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 November 28th, 2015, 07:36 AM #1 Newbie   Joined: Nov 2015 From: HK Posts: 8 Thanks: 0 sample size for confidence interval of proportion Question: A state legistlator wishes to survey residents of her district to see what proportion of the electorate is aware of her position on using state funds to pay for abortions. What sample size is necessary if the 95% confidence interval for p is to have width at most 0.10 irrespective of p? (p bar) + Z0.025 sigma/sqrt(n) - (p bar - Z0.025 sigma / sqrt(n)) <= 0.1 2(Z0.025 sigma/ sqrt(n) ) <= 0.1 but sigma is not known November 28th, 2015, 07:44 AM #2 Senior Member   Joined: Dec 2012 From: Hong Kong Posts: 853 Thanks: 311 Math Focus: Stochastic processes, statistical inference, data mining, computational linguistics That's not the correct formula for sample proportions. You should refer to your textbook/lecture notes again... The formula is like this: $\displaystyle \hat{p} \pm z_{\alpha / 2} \sqrt{\frac{\hat{p}(1-\hat{p})}{n}}$ since the variance of $\displaystyle \hat{p}$ is approximated by $\displaystyle \frac{\hat{p}(1-\hat{p})}{n}$ (true variance is $\displaystyle \frac{p(1-p)}{n}$). Out of curiosity, is this HKDSE M1 or tertiary-level? Last edited by 123qwerty; November 28th, 2015 at 07:47 AM. November 28th, 2015, 08:04 AM   #3
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 Originally Posted by 123qwerty That's not the correct formula for sample proportions. You should refer to your textbook/lecture notes again... The formula is like this: $\displaystyle \hat{p} \pm z_{\alpha / 2} \sqrt{\frac{\hat{p}(1-\hat{p})}{n}}$ since the variance of $\displaystyle \hat{p}$ is approximated by $\displaystyle \frac{\hat{p}(1-\hat{p})}{n}$ (true variance is $\displaystyle \frac{p(1-p)}{n}$). Out of curiosity, is this HKDSE M1 or tertiary-level?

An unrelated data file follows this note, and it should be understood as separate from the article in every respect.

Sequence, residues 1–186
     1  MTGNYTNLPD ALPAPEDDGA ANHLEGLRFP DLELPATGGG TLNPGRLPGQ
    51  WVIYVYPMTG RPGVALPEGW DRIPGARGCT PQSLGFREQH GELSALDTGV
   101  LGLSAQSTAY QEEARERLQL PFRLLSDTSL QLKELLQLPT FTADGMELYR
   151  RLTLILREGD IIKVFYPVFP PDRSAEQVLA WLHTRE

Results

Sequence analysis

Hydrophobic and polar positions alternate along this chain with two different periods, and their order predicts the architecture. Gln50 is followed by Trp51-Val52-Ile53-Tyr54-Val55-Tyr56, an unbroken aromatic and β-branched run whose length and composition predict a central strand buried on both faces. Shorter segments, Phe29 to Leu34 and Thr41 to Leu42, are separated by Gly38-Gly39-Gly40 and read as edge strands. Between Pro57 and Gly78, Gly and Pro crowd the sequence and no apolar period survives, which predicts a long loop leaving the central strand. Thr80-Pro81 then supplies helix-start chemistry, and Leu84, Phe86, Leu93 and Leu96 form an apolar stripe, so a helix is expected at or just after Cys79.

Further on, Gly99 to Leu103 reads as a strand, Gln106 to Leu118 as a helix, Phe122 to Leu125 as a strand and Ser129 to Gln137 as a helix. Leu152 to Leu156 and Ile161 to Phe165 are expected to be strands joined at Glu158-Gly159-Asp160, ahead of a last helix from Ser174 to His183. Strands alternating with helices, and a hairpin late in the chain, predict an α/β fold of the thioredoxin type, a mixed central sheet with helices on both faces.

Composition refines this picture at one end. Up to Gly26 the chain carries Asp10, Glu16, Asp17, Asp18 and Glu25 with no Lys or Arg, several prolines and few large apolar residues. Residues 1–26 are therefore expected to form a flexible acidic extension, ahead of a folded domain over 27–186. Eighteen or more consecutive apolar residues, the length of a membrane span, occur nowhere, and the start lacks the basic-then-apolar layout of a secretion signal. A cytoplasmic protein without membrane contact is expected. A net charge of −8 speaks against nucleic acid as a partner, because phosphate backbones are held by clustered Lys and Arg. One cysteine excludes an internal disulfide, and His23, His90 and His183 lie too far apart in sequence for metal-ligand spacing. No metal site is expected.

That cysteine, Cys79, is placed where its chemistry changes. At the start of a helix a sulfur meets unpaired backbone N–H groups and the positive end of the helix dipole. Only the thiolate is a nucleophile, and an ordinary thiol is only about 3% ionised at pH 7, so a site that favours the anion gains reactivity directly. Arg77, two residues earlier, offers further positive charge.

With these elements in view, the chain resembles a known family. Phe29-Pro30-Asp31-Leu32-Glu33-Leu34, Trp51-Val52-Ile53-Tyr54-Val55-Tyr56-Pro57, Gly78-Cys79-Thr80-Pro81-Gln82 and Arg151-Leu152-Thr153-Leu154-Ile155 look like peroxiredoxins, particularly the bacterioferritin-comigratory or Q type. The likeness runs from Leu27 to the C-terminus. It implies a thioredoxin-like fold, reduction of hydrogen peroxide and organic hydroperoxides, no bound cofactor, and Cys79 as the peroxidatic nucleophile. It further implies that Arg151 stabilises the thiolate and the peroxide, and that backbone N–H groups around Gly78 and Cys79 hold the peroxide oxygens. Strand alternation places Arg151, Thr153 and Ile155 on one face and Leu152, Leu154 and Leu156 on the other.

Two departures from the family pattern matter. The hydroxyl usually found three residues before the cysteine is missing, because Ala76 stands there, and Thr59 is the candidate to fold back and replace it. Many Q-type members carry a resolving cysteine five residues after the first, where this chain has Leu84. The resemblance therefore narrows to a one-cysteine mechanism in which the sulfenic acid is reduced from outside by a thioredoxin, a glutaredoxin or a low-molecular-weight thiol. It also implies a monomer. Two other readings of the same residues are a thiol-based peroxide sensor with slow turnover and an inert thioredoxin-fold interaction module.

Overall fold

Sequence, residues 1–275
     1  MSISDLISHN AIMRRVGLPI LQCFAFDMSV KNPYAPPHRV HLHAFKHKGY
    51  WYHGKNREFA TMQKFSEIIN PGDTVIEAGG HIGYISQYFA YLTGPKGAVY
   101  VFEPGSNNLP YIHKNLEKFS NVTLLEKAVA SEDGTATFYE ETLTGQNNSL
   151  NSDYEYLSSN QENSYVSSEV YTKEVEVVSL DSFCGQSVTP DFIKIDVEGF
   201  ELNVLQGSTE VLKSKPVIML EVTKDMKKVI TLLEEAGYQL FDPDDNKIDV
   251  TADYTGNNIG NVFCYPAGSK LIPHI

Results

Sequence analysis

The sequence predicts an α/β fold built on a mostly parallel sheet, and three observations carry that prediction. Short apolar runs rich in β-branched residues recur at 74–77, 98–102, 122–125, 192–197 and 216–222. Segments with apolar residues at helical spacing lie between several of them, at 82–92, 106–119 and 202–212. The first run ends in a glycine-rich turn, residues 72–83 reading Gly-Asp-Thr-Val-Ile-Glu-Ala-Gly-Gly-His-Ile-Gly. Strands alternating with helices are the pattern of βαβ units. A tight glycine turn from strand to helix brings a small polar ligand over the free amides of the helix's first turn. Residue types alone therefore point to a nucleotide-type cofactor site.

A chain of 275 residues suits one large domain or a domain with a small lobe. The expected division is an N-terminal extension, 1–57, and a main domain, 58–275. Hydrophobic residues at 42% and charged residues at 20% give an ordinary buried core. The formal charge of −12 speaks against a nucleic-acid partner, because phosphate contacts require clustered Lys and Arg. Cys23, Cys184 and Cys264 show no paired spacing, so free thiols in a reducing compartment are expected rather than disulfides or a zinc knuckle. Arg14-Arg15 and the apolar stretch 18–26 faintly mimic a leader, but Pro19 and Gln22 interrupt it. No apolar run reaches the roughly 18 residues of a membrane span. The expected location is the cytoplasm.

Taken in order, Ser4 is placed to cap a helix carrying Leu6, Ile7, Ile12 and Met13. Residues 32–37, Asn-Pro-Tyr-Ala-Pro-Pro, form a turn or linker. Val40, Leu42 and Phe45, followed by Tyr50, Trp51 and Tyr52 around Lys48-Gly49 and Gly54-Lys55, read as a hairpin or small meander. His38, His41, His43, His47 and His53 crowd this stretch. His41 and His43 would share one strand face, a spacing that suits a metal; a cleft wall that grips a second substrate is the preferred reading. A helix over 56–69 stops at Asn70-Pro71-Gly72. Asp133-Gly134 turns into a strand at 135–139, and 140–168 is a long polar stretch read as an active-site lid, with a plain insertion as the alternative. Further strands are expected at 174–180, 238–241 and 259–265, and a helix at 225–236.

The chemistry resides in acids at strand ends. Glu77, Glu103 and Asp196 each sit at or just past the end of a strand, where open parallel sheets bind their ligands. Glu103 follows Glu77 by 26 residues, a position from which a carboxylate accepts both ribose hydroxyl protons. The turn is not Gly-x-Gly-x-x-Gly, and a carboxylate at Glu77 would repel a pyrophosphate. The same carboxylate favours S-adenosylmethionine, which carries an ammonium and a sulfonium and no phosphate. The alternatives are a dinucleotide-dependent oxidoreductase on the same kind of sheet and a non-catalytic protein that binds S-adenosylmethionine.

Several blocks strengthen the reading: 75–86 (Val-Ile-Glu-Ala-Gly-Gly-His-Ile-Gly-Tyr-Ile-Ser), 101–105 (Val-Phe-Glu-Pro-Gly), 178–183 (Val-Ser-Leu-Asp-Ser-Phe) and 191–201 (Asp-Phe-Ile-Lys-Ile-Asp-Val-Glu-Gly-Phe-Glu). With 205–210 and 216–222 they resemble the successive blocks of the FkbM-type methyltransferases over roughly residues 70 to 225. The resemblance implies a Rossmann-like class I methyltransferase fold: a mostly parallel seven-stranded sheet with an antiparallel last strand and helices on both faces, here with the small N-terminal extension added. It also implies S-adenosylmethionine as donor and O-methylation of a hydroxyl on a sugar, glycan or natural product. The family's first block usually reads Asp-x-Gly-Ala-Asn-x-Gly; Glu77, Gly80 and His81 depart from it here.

thanks!
It is tertiary level November 28th, 2015, 05:55 PM   #4
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 Originally Posted by 123qwerty That's not the correct formula for sample proportions. You should refer to your textbook/lecture notes again... The formula is like this: $\displaystyle \hat{p} \pm z_{\alpha / 2} \sqrt{\frac{\hat{p}(1-\hat{p})}{n}}$ since the variance of $\displaystyle \hat{p}$ is approximated by $\displaystyle \frac{\hat{p}(1-\hat{p})}{n}$ (true variance is $\displaystyle \frac{p(1-p)}{n}$). Out of curiosity, is this HKDSE M1 or tertiary-level?
but how to get p? November 28th, 2015, 06:02 PM   #5
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 Originally Posted by tttim but how to get p?
You can't, which is why you use $\displaystyle \hat{p}$ to approximate p. November 28th, 2015, 11:54 PM   #6
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 Originally Posted by 123qwerty You can't, which is why you use $\displaystyle \hat{p}$ to approximate p.
p hat = 0.9n / n = 0.9? November 29th, 2015, 07:22 AM   #7
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 Originally Posted by tttim p hat = 0.9n / n = 0.9?
We take the largest possible value of $\displaystyle \hat{p}(1-\hat{p})$. Let f(x) = $\displaystyle \hat{p}(1-\hat{p})$. Then f'(x) = $\displaystyle 2\hat{p} - 1$. $\displaystyle 2\hat{p} - 1 = 0$ at $\displaystyle \hat{p} = 0.5$, so we assume this value. November 29th, 2015, 11:08 PM   #8
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 Originally Posted by 123qwerty We take the largest possible value of $\displaystyle \hat{p}(1-\hat{p})$. Let f(x) = $\displaystyle \hat{p}(1-\hat{p})$. Then f'(x) = $\displaystyle 2\hat{p} - 1$. $\displaystyle 2\hat{p} - 1 = 0$ at $\displaystyle \hat{p} = 0.5$, so we assume this value.
where does " f'(x) = 2p̂ −1. 2p̂ −1=0" come from? November 30th, 2015, 05:20 AM   #9
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 Originally Posted by tttim where does " f'(x) = 2p̂ −1. 2p̂ −1=0" come from?
I expanded and differentiated $\displaystyle \hat{p}(1-\hat{p})$. November 30th, 2015, 06:16 AM   #10
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 Originally Posted by 123qwerty I expanded and differentiated $\displaystyle \hat{p}(1-\hat{p})$.
I haven't learnt differentiation  Tags confidence, interval, proportion, sample, size Thread Tools Show Printable Version Email this Page Display Modes Linear Mode Switch to Hybrid Mode Switch to Threaded Mode Similar Threads Thread Thread Starter Forum Replies Last Post tttim Probability and Statistics 1 November 28th, 2015 02:50 PM shivadiva Advanced Statistics 0 April 30th, 2013 07:46 PM mikeportnoy Algebra 1 March 14th, 2012 12:42 PM jskrzy Algebra 1 November 16th, 2011 04:17 PM kerrymaid Advanced Statistics 1 June 11th, 2010 05:25 AM

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